The widespread effect of cancer is something that has affected the lives of most people on earth in some way or another. It is a disease of the cells, and there are a wide variety of cells that comprise the human body. However, the one thing that all forms of cancer have in common is that they are caused by cells which have become abnormal and are multiplying out of control.
At this time, the most common form of cancer on earth is skin cancer. Each year, there are more than one million Americans who are diagnosed with some type of skin cancer. There are actually three major types of skin cancer: melanoma, basal cell carcinoma (BCC), and squamous cell carcinoma (SCC). The first two types are much more common than melanomas, but the later is a much more aggressive form of cancer that often spreads to other parts of the body when not treated early.
Basal Cell Carcinoma
This is the most common form of skin cancer in the world today. Basal cell carcinoma (BCC) tends to be more common amongst older people. This may be a result of the lack of sun protection that was utilized in the past. In either case, studies have shown that people older than 70 are more likely to have this skin cancer than people in their fifties.
Basal cell carcinoma usually occurs in a patch of skin that has seen a significant level of sun-exposure, such as the neck or the head. However, this cancer can form on any portion of skin on the body. The initial sign of BCC is usually the appearance of a tiny pinkish, red, or pearly bump on a patch of skin that was clear before. While the bump is often circular, they can differ in shape and color.
Over time, this bump may crust over, bleed, or ulcerate every now and then. These skin ulcers that are produced by BCC are sometimes referred to as rodent ulcers, given their overall appearance. Fortunately, basal cell carcinoma does not metastasize often, but it can cause some irreparable damage to the local area if it is left untreated. For instance, this skin cancer can cause significant damage to the nose if action is not taken.
Squamous Cell Carcinoma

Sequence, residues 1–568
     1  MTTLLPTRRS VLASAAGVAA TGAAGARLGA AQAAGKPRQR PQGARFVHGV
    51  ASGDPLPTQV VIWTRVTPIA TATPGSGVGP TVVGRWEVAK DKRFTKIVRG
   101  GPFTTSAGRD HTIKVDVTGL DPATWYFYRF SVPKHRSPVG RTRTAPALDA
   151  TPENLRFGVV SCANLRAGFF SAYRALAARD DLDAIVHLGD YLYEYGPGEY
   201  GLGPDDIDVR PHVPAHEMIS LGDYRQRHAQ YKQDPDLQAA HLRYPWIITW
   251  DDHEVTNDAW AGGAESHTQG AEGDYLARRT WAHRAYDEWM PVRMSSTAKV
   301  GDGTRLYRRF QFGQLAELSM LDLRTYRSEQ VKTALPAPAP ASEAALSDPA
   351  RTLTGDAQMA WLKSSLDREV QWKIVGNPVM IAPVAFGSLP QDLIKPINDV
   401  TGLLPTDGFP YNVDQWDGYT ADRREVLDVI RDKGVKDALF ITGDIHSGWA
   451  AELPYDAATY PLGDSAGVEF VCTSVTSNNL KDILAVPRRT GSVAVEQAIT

Squamous cell carcinoma (SCC) is the second most common type of skin cancer. Just like basal cell carcinoma, squamous cell carcinoma tends to be diagnosed more often in older people. If you are in your seventies, then you may want to consider making an appointment with your dermatologist for a skin cancer check.
Most cases of squamous cell carcinoma develop on the patient’s face, in particular on or near the lips and the ears. However, it can occur on any part of the skin, just like basal cell carcinoma. Initial signs of SCC include crusty or scaly patches or skin that has a reddish or pink base. These can eventually become a wart like lump on the skin which will bleed or ulcerate on occasion.
If this skin cancer is allowed to grow bigger and deeper, it can cause additional damage to the localized area. In some cases, untreated SCC has eventually caused the complete destruction of a patient’s ear or nose. While uncommon, squamous cell carcinoma can metastasize to other areas of the body.
Melanoma (Malignant Skin Cancer)
This is the least common type of skin cancer, but it is also the most aggressive and deadly. Melanoma has the highest risk of metastasizing to other areas of the body. At this time, melanoma is the second most common cancer that is diagnosed in people between the ages of 15 and 34. Further research has also shown that it is more common among young women than young men.
Mostly, melanoma begins as a tiny dark spot on the skin (somewhat like a mole). It can develop from a mole that is already there, or an unblemished patch of skin. However, this type of skin cancer will be different than a mole in one of these ways:
- It’s shape is asymmetrical or uneven, while a mole is most often even and round.
- The edges of melanoma are blurry, notched, or even ragged in appearance. Moles have a well-defined edge.
- Melanoma does not often have a uniform color to it (more like 2 to 3 shades of color).
- Melanoma is often bigger than the average mole, and it will continue to get bigger if left untreated.
(Melanoma may begin to bleed, itch, ulcerate, or crust over as it grows further into the patient’s skin.)
Protect Yourself from Skin Cancer
As you are probably aware, the primary cause of skin cancer is prolonged sun exposure which damages the skin. This is the case for all the major types of skin cancer that are diagnosed in the United States every year. If you have been sunburned on multiple occasions in the past, you probably have a higher chance of developing skin cancer. The most dangerous aspect of sunshine is the presence of ultraviolet rays. Without the help of sunscreen, these rays can damage the skin cells enough to the point where they become cancerous.